THE FIRST MOT for a car will not be extended from three to four years. The government says the planned change was dropped following public concerns over road safety.
Following a public consultation, the overwhelming majority of respondents believe that delaying the MOT until a car’s fourth year would pose a safety risk to drivers and other road users.
At the same time, the government minister in charge of Britain’s roads said there could be environmental concerns associated with the change. The MOT test checks all vehicles’ emissions.
Jesse Norman, the minister for roads and transport, said “After careful consideration, I have decided not to proceed with the changes proposed to the timing of the first MOT test. Great Britain has a comprehensive testing system for vehicles which makes an important contribution to road safety.”
In 2015, 1.93m cars were tested for the first time, and there were nearly 330,000 failures.
The most common causes of an MOT failure were the lights (143,413); defective tyres (85,720); the driver’s view of the road (73,883); brakes (47,138); and suspension (24,628).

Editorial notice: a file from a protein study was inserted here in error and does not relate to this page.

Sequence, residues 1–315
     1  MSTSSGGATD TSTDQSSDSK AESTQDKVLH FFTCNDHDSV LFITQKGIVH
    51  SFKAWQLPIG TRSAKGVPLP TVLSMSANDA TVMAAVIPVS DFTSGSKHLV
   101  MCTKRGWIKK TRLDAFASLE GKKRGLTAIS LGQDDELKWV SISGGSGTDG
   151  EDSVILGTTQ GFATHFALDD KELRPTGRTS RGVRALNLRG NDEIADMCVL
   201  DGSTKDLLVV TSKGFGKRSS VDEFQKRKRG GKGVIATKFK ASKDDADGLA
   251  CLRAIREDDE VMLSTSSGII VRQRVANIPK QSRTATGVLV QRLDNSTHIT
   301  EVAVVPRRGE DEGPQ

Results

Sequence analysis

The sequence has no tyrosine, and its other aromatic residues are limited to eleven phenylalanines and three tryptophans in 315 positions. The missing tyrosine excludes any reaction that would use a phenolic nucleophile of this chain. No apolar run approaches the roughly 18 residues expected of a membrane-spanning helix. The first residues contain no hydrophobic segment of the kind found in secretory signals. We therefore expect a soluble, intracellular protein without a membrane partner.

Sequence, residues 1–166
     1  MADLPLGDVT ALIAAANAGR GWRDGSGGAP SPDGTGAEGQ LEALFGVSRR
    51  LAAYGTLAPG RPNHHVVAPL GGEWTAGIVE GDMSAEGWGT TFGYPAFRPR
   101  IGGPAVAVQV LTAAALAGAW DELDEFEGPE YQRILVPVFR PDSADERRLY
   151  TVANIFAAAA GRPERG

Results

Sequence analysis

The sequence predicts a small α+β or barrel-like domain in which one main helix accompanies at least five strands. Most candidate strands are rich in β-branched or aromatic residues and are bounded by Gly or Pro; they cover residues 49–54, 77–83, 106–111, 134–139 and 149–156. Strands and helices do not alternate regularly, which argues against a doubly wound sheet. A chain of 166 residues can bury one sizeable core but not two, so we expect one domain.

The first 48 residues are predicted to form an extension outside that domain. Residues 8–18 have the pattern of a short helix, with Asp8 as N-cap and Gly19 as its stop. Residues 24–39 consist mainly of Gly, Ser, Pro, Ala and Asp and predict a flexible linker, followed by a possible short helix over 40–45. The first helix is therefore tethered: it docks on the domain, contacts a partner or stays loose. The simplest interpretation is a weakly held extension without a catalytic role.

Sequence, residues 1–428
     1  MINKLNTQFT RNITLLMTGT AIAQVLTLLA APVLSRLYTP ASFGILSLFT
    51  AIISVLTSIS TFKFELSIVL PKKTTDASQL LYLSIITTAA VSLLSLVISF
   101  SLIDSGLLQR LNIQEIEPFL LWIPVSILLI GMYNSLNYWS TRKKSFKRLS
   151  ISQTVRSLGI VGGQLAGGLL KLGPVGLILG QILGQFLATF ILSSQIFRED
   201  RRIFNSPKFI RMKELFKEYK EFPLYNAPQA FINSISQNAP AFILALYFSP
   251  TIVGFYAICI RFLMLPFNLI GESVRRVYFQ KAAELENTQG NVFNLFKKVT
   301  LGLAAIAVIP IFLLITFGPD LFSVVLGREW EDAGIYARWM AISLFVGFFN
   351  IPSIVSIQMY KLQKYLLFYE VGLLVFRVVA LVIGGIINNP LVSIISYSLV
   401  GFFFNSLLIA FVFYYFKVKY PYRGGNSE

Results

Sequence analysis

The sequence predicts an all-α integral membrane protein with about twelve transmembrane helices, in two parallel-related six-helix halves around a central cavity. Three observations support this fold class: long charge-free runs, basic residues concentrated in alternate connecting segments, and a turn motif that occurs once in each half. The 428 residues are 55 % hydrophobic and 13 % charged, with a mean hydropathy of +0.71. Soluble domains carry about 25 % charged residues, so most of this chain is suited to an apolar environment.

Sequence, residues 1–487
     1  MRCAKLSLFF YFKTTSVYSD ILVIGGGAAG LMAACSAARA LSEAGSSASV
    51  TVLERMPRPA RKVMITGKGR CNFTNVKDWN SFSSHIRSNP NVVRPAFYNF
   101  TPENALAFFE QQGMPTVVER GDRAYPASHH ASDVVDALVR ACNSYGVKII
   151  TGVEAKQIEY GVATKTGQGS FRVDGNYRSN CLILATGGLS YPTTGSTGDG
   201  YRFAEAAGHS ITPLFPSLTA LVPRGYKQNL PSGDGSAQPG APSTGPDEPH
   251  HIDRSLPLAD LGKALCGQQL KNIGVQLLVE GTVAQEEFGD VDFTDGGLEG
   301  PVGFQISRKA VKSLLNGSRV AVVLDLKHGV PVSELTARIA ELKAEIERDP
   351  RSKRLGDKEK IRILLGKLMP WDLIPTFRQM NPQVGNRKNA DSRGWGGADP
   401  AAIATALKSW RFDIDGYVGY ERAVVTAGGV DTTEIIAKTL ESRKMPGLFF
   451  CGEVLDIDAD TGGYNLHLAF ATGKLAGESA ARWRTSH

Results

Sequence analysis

The government had suggested that by extending a vehicle’s first MOT to when it is four-years old, drivers would save an estimated £100m a year. Around two million vehicles undergo their first test each year, and with the exception of Germany (three years) many European nations with comparably-sized car pools carry out their equivalent first safety test in the fourth year.
It wasn’t until 1967 that a car had to have an MOT in its third year. Before, motorists could drive for 10 years before requiring any checks of their vehicle.
Roger Griggs, of Kwik Fit, said: “We welcome the government’s decision to keep the first MOT at three years as we believe this is vital in maintaining road safety. Although cars are becoming ever safer, Kwik Fit’s research has shown that on many cars wearable items such as tyres aren’t checked frequently enough, with drivers relying on the MOT to flag issues.”